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Fig. 20

Predicted radial pressure loss coefficient distributions downstream of NGV for uniform inlet conditions and for inlet swirl in positions C1 and C2

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Fig. 21

Predicted passage streamlines at 10%, 50%, and 90% span for uniform inlet conditions

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Fig. 22

Predicted passage streamlines at 90%, span for inlet swirl

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Fig. 23

Predicted passage streamlines at 50%, span for inlet swirl

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Fig. 24

Predicted passage streamlines at 10%, span for inlet swirl

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Fig. 25

Difference of secondary flow velocity vectors between swirl and uniform; 0.25Cax upstream of inlet

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Fig. 26

Difference of secondary flow velocity vectors between swirl and uniform at NGV inlet plane

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Fig. 27

Difference of secondary flow velocity vectors between swirl and uniform; 0.25Cax downstream of inlet

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Fig. 28

Difference of secondary flow velocity vectors between swirl and uniform, at NGV exit plane

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Fig. 29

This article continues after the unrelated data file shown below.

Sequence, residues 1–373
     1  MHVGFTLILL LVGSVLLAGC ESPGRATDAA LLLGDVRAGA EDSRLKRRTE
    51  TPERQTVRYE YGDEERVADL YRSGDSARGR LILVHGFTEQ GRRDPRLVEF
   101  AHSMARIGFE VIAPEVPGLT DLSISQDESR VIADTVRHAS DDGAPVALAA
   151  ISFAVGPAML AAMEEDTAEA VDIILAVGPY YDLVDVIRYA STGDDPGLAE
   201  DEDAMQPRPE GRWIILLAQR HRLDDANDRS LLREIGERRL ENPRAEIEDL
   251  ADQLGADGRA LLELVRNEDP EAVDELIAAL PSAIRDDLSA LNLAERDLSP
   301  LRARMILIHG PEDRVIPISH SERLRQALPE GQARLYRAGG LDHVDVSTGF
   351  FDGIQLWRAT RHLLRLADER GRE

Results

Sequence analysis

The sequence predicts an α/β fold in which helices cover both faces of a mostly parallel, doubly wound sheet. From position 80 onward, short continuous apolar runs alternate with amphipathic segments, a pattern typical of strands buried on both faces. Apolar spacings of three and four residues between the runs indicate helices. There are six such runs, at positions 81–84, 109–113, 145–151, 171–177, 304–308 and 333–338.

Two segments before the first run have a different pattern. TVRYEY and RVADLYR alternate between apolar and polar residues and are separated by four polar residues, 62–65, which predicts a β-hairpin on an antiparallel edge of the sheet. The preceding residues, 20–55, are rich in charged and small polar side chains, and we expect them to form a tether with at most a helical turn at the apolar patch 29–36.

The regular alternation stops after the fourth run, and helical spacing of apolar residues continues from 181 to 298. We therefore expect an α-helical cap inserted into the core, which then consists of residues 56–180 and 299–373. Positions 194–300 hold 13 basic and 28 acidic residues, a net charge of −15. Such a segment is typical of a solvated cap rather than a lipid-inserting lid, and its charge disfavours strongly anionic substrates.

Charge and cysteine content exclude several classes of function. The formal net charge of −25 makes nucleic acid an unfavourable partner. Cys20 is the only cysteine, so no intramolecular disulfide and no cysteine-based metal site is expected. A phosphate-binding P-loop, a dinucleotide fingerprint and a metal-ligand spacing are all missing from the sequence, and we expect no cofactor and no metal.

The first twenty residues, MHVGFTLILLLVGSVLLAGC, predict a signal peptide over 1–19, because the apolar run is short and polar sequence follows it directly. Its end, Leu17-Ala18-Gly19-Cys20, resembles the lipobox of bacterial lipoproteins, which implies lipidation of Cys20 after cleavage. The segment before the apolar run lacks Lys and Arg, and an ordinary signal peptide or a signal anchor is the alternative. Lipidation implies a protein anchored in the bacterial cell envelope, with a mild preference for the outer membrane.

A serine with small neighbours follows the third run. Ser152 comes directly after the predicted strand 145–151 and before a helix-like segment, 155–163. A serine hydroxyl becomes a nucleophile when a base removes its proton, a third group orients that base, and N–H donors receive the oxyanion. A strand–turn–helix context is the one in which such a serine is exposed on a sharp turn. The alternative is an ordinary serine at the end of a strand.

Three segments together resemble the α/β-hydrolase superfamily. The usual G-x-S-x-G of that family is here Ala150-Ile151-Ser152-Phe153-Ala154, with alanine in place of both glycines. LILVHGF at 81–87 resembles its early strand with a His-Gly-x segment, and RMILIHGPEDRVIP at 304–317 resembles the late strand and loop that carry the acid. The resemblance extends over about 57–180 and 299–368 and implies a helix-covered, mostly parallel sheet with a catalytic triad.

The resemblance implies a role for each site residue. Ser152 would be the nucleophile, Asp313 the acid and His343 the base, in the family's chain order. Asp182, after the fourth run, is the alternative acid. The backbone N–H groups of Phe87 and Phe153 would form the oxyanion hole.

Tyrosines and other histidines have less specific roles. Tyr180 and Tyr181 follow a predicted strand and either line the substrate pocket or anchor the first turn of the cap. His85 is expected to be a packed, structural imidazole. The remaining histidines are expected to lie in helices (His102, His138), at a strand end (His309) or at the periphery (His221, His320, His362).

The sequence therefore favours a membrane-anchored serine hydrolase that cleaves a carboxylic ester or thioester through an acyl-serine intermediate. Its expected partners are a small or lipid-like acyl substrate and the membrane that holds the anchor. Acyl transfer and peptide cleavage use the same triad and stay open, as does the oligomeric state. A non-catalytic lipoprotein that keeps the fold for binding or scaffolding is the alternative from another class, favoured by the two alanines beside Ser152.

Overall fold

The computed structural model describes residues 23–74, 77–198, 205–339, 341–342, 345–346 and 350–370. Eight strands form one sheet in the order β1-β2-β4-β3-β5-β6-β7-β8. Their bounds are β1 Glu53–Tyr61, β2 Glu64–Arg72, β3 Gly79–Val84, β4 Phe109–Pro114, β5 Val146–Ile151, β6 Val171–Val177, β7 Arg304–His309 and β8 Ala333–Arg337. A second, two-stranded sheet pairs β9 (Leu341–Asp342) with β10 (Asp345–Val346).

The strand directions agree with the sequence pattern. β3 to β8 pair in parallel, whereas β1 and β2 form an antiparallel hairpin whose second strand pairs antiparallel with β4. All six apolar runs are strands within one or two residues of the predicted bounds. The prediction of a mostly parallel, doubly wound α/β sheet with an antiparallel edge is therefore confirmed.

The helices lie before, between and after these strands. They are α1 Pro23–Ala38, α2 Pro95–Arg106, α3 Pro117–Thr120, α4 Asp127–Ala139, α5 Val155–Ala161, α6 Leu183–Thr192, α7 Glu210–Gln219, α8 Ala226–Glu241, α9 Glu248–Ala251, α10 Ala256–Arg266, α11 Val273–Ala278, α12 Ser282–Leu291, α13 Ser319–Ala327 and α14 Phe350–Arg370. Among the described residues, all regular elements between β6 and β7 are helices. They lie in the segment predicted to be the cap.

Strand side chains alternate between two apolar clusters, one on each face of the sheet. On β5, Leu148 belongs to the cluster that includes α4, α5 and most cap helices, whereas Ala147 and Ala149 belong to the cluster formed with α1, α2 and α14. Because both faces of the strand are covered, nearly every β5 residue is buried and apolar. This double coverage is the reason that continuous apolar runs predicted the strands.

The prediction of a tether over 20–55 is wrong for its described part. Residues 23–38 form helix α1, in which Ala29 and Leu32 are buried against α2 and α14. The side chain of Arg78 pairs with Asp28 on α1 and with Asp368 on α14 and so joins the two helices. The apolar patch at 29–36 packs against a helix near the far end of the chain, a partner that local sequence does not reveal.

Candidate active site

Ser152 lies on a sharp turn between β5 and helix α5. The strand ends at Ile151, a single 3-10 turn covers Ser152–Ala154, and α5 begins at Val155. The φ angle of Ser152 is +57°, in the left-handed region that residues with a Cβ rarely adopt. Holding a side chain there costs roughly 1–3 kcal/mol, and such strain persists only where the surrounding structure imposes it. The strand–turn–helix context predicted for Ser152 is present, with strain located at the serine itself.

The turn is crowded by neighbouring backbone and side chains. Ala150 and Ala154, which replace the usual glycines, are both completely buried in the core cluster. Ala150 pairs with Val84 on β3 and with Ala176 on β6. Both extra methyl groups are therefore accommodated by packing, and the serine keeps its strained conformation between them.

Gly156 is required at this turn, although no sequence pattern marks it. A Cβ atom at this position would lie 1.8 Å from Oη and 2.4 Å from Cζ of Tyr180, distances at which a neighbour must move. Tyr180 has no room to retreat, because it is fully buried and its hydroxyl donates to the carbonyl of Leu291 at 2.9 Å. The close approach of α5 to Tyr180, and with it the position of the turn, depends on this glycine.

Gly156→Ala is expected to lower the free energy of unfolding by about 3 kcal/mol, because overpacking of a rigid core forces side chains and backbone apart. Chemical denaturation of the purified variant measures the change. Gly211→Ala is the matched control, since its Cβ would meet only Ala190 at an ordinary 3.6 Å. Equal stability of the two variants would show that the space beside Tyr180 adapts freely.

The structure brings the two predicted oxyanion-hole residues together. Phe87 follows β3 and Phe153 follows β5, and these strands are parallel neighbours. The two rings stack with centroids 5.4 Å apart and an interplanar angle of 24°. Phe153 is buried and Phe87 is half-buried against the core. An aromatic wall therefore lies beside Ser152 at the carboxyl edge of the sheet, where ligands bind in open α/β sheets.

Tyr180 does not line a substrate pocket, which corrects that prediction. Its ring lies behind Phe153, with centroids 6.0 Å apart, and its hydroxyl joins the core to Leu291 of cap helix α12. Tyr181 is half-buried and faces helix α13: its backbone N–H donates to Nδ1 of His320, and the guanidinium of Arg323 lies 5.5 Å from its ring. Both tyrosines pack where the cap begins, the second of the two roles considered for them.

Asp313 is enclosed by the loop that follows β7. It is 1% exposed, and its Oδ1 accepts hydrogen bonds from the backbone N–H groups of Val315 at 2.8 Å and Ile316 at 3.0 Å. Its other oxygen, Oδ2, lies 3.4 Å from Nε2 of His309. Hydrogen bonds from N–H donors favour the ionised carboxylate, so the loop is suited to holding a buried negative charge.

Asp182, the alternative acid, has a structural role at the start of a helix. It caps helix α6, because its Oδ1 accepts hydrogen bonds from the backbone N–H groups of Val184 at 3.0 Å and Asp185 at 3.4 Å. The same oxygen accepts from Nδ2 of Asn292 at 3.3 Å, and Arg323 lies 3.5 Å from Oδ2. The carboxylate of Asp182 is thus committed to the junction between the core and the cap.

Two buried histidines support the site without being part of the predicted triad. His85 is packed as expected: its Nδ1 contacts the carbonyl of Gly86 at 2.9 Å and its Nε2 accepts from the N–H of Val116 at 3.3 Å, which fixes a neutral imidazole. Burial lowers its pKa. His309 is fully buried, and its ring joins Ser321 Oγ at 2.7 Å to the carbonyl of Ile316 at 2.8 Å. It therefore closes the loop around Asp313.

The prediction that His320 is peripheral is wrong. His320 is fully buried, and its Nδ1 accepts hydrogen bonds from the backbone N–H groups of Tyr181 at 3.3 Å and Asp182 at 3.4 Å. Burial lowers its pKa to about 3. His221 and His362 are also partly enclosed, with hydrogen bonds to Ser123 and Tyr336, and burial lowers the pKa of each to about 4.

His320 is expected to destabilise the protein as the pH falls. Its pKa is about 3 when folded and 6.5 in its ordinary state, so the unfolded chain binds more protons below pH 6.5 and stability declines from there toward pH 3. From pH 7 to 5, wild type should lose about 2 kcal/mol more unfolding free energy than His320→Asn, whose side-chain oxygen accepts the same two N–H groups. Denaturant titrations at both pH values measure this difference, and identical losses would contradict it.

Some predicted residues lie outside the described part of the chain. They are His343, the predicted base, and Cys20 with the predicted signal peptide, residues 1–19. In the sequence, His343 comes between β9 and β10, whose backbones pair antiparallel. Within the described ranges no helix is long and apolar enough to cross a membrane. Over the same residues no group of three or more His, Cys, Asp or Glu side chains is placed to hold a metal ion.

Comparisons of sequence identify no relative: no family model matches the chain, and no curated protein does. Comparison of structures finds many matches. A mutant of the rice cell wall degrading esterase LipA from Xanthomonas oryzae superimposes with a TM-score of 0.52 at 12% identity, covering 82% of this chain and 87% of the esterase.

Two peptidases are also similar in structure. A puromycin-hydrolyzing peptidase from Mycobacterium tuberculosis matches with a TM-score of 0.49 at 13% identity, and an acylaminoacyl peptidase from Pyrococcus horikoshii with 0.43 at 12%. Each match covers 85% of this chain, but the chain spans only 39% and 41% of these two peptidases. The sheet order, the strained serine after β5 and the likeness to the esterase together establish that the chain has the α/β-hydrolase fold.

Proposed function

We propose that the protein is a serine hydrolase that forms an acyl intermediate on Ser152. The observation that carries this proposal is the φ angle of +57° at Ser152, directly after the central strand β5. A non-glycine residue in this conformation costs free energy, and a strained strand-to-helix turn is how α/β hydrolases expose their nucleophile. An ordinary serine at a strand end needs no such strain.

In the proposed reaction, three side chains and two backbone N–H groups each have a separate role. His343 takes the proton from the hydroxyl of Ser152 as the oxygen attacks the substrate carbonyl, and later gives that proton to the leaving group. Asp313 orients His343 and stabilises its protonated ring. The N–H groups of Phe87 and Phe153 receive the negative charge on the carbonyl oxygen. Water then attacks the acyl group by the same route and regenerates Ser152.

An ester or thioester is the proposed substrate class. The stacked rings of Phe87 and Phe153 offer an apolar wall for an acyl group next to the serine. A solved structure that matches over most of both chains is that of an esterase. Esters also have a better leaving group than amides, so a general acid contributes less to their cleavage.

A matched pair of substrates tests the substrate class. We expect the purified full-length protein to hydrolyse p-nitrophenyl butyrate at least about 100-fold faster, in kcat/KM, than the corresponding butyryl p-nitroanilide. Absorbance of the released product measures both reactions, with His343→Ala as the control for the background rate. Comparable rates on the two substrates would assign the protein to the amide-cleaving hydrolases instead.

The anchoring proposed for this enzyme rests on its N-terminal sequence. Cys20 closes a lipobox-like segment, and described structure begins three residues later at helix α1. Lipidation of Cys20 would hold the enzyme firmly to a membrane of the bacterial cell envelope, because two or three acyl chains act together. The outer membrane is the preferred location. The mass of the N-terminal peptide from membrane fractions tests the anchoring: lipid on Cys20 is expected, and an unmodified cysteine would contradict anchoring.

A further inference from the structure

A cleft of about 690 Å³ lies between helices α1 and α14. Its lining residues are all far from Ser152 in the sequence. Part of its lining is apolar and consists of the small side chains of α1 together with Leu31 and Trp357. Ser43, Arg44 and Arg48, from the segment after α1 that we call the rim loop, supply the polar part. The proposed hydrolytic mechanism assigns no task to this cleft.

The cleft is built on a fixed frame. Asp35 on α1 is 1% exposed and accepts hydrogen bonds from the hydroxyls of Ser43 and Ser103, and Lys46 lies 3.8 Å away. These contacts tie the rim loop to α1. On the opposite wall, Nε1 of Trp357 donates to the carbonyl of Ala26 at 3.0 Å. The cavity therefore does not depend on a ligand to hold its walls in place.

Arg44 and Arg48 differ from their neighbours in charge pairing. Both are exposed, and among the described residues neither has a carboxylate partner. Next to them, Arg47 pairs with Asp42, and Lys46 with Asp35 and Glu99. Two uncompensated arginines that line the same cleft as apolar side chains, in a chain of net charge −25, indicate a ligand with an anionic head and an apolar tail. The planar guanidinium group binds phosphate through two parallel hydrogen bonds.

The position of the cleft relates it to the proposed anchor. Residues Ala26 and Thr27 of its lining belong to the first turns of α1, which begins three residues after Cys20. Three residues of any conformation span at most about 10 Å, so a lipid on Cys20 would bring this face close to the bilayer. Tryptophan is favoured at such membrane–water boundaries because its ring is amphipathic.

Predicted NGV surface flow streamlines, with and without inlet swirl

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Fig. 30

NGV Nu at 10% span; uniform and swirl-C1

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Fig. 31

NGV Nu at 50% span; uniform and swirl-C1

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Fig. 32

NGV Nu at 90% span; uniform and swirl-C1

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Fig. 33

NGV Nu at 10% span; uniform and swirl-C2

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Fig. 34

NGV Nu at 50% span; uniform and swirl-C2

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Fig. 35

NGV Nu at 90% span; uniform and swirl-C2

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Fig. 36

Hub end wall Nusselt number with uniform inlet conditions (a) measured (b) predicted

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Fig. 37

Casing end wall Nusselt number with uniform inlet conditions (a) measured (b) predicted

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Fig. 38

Predicted surface flow streamlines, with and without inlet swirl: hub end wall

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Fig. 39

Predicted surface flow streamlines, with and without inlet swirl: casing end wall

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Fig. 40

Predicted hub end wall Nu (a) uniform (b) swirl

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Fig. 41

Predicted casing end wall Nu (a) uniform (b) swirl

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Fig. 42

Hub end wall Nu, with and without inlet swirl

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Fig. 43

Casing end wall Nu, with and without inlet swirl